More than five call-outs a day in Scotland kept the RNLI busy this summer, with Carrick and the Clyde lifeboats playing a part in the figures.
The better weather is being attributed to an 18 percent rise in call-outs over last year’s figures, with many more people taking to the seas to cool down.
Girvan saw a rise of two call-outs to seven over last year, Portpatrick dealt with three more than 2012, with nine launches but Stranraer remained at five.
However Campbeltown lifeboat was called out only seven times as against 14 in 2012 and Largs had 12 call-outs as opposed to 18.
The total number of launches for June, July and August was 476 across Scotland’s 47 stations, just short of the record-breaking summer of 2008 when there were 480 launches.
The busiest station in Scotland was Broughty Ferry with 43 launches for its two boats, compared with 23 the previous year. Tobermory on Mull was the busiest all-weather lifeboat station with one lifeboat with 22 shouts, a rise of six on 2012. Queensferry was the busiest inshore lifeboat station, up from 21 to 26 shouts.
Notable increases included the number of launches for the two boats at Arbroath, up from seven to 27.
RNLI lifeguards operated in Scotland for the first time, at Coldingham on the east coast, and they dealt with five incidents, 44 minor first aid treatments, and four missing people.
Andy Clift, Scotland’s Regional Operations Manager, said: “A good summer on the weather front has turned into a busy one for our lifeboats in Scotland, with more people coming to enjoy the coast and sea.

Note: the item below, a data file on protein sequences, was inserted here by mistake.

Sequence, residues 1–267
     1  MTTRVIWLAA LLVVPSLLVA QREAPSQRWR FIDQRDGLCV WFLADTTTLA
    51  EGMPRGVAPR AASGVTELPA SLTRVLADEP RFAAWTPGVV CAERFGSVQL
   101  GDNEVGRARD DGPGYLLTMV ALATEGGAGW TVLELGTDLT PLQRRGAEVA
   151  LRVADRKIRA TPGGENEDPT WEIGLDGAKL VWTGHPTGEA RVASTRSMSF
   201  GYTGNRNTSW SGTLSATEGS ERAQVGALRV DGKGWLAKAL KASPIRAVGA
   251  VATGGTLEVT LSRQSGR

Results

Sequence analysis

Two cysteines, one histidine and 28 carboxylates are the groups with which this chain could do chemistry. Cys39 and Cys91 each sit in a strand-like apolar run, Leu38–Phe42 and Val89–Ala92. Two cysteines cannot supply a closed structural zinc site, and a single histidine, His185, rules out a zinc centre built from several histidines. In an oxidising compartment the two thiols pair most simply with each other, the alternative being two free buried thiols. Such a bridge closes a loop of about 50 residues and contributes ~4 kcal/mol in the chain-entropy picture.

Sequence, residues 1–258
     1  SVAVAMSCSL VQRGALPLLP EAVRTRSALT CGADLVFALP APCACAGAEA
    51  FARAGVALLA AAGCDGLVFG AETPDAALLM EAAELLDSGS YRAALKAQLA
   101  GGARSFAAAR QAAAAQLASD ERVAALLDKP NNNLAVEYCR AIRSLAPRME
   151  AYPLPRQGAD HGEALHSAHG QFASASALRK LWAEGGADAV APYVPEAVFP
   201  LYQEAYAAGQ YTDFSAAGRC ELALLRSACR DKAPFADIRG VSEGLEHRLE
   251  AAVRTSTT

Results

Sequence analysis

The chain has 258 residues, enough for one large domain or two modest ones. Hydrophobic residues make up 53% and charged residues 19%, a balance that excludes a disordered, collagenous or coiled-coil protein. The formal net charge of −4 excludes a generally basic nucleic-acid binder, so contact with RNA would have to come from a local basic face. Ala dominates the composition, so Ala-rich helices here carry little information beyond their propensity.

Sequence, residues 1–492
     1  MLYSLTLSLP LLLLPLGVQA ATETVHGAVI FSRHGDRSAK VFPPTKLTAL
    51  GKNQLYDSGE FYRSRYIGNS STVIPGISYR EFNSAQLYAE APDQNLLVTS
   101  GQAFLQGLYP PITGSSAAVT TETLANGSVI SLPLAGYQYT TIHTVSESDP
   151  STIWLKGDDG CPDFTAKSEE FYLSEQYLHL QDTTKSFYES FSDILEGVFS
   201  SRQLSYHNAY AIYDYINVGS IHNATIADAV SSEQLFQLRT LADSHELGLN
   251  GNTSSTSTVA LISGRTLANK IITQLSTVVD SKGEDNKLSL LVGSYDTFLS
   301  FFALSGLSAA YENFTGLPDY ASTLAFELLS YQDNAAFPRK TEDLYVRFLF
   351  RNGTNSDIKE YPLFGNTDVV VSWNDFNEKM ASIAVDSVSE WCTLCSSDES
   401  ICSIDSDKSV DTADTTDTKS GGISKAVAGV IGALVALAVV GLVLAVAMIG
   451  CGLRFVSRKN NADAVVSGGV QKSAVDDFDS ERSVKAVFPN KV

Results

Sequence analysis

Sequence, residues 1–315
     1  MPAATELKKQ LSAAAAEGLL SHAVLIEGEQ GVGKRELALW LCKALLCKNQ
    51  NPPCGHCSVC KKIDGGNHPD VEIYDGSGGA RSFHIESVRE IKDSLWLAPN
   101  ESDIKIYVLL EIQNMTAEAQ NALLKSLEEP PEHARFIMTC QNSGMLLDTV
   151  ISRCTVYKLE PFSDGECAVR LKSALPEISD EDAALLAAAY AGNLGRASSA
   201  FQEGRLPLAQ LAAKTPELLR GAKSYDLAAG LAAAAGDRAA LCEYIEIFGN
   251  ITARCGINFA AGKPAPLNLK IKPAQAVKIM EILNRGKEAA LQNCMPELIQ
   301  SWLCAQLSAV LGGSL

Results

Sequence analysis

“We would like to remind the public that some of the incidents undertaken by lifeboats could be avoided if they followed simple beach safety messages, adhered to warning signs, and checked tide tables.
“We cannot fault the professionalism and commitment of our volunteer crews who turn out at a moment’s notice 24/7 to help other people in distress, and this is particularly notable when we have long shouts in Scotland lasting several hours.
“One such shout was the distressing tragedy when the helicopter ditched near Shetland, and our crews from Aith and Lerwick spent many hours helping other organisations to search for survivors, and recover wreckage.’
“I would also like to thank our dedicated supporters and fundraisers. Without their kind generosity and hard work we would not be able to equip and train our lifesavers or help so many people in trouble at sea.’
The RNLI charity saves lives at sea. Its volunteers provide a 24-hour search and rescue service around the United Kingdom and Republic of Ireland coasts. The RNLI operates over 230 lifeboat stations in the UK and Ireland and has more than 100 lifeguards.